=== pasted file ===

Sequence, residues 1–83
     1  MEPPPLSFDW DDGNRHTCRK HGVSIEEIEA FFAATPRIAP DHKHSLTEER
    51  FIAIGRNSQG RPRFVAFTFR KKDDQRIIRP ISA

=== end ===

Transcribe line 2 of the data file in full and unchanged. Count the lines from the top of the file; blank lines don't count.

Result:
     1  MEPPPLSFDW DDGNRHTCRK HGVSIEEIEA FFAATPRIAP DHKHSLTEER